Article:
I would confidently say that rice plays a huge role in Asian culture, so doing anything related to growing it was high on my list. When I realized that I would have the opportunity to join the Shionoe Elementary students in their annual event I was very pleased. They plant and harvest by hand every year, but this was the first time that one of those events fell on a Tuesday, enabling me to take part in it.
This is planting in its modern form, but we were going back about 50 years.
The students walked a short distance down the road to a small rice paddy and started planting. I showed up a bit late since my schedule had me coming from the middle school, but I was able to jump right in and get my fill. I slipped into some grime friendly clothes and my bare feet before stepping into the mud. They were already about halfway done by the time I got there, but there was plenty of fun to be had.
The planting process involved tearing a couple of sprouts away from a large block and then pushing them a few centimeters into the mud. The onomatopoeia for this actiona is a sort of ‘kwee, kwee’ and the mothers present thought it amusing every time I shoved a sprout while singing out this sound.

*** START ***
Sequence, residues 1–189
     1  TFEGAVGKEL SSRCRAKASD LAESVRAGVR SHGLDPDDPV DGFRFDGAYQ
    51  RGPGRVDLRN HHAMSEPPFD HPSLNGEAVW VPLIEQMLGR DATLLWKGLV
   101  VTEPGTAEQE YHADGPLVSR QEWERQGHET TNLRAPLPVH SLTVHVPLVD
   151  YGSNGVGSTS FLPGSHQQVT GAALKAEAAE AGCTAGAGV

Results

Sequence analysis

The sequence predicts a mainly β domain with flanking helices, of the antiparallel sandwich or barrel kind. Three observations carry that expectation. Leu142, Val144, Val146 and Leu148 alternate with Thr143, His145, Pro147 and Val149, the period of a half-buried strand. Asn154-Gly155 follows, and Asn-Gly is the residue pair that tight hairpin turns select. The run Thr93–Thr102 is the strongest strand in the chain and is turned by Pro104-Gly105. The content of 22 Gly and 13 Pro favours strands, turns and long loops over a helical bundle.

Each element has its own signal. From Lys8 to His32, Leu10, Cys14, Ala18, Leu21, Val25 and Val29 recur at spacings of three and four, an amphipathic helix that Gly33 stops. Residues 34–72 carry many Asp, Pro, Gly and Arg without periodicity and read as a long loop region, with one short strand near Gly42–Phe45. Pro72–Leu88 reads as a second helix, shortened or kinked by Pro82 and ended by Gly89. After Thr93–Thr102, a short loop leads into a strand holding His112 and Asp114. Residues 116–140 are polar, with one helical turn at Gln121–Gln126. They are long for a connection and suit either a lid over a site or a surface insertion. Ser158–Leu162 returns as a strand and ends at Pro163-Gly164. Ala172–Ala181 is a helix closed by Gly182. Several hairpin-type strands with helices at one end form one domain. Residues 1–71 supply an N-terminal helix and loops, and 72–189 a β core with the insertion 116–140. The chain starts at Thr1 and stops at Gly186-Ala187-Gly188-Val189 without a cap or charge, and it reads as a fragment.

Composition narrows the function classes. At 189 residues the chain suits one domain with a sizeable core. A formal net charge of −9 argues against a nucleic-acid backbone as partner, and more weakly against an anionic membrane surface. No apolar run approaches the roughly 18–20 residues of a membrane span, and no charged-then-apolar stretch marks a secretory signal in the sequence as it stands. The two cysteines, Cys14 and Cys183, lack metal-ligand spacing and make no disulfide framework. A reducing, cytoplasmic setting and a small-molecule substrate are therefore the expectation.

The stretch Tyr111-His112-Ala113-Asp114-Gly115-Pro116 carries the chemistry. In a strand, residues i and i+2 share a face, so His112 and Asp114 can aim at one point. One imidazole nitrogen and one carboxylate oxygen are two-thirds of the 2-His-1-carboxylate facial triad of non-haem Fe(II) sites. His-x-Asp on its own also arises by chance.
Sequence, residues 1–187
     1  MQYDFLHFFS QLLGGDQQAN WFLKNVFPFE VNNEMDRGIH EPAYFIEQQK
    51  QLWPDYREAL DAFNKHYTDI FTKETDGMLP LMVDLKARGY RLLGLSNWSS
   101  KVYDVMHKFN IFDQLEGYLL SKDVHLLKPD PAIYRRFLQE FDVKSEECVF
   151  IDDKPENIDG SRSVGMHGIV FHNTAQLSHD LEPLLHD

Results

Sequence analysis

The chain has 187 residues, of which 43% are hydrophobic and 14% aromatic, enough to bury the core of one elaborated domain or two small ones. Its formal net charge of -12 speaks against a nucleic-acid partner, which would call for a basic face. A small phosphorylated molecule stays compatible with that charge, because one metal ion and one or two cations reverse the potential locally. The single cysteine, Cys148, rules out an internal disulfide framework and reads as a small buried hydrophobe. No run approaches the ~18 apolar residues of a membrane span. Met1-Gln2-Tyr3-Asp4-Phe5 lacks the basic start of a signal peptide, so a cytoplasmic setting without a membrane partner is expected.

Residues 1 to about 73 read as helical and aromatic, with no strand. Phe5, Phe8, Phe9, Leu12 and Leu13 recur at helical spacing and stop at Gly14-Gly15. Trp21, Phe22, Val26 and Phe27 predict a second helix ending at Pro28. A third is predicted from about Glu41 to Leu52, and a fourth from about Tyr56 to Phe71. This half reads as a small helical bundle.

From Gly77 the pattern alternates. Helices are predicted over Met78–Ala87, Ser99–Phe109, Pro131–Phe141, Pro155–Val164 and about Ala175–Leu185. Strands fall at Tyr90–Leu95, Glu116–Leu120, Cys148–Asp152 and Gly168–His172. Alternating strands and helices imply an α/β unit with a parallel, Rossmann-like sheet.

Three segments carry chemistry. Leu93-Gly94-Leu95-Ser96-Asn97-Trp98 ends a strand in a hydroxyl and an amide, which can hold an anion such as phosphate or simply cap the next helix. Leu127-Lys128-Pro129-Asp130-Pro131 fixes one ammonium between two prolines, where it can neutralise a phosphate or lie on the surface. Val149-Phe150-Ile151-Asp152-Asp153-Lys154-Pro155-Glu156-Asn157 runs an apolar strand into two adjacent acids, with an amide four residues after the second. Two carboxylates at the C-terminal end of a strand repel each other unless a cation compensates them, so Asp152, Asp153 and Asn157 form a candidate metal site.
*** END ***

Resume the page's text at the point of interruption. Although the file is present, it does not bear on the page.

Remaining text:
The clump that I tore from
Up until I arrived, the students were using a rope that was marked with paint as a guide for the spacing of the plants. As the width of the field tapered off, we switched over to some wooden frames that could be flipped over. These marked out three rows at at time, once the group to your left had flipped, then you were free to do the same. This process actually moved along quicker than I would have expected.
We wrapped things up, washed our feet and celebrated with some green tea boxes and then began the short pilgrimage back to the school. I had a great time and was honestly able to get everything I could have hoped for from the event. I can’t imagine what backbreaking work this would have been without a small army of children to throw at it, and I find no surprise in all the old ladies’ hunched posture. Shortly after WWII, hand planting and water buffalo plowing were replaced by machines, but taking part in something that much of Asia still does by hand was something I consider a valuable experience. I certainly feel a deeper connection to the food I eat on an almost daily basis. Unfortunately I wont be around to hand-harvest the rice in the fall, but if I had to pick between the two activities, I definitely got the better one.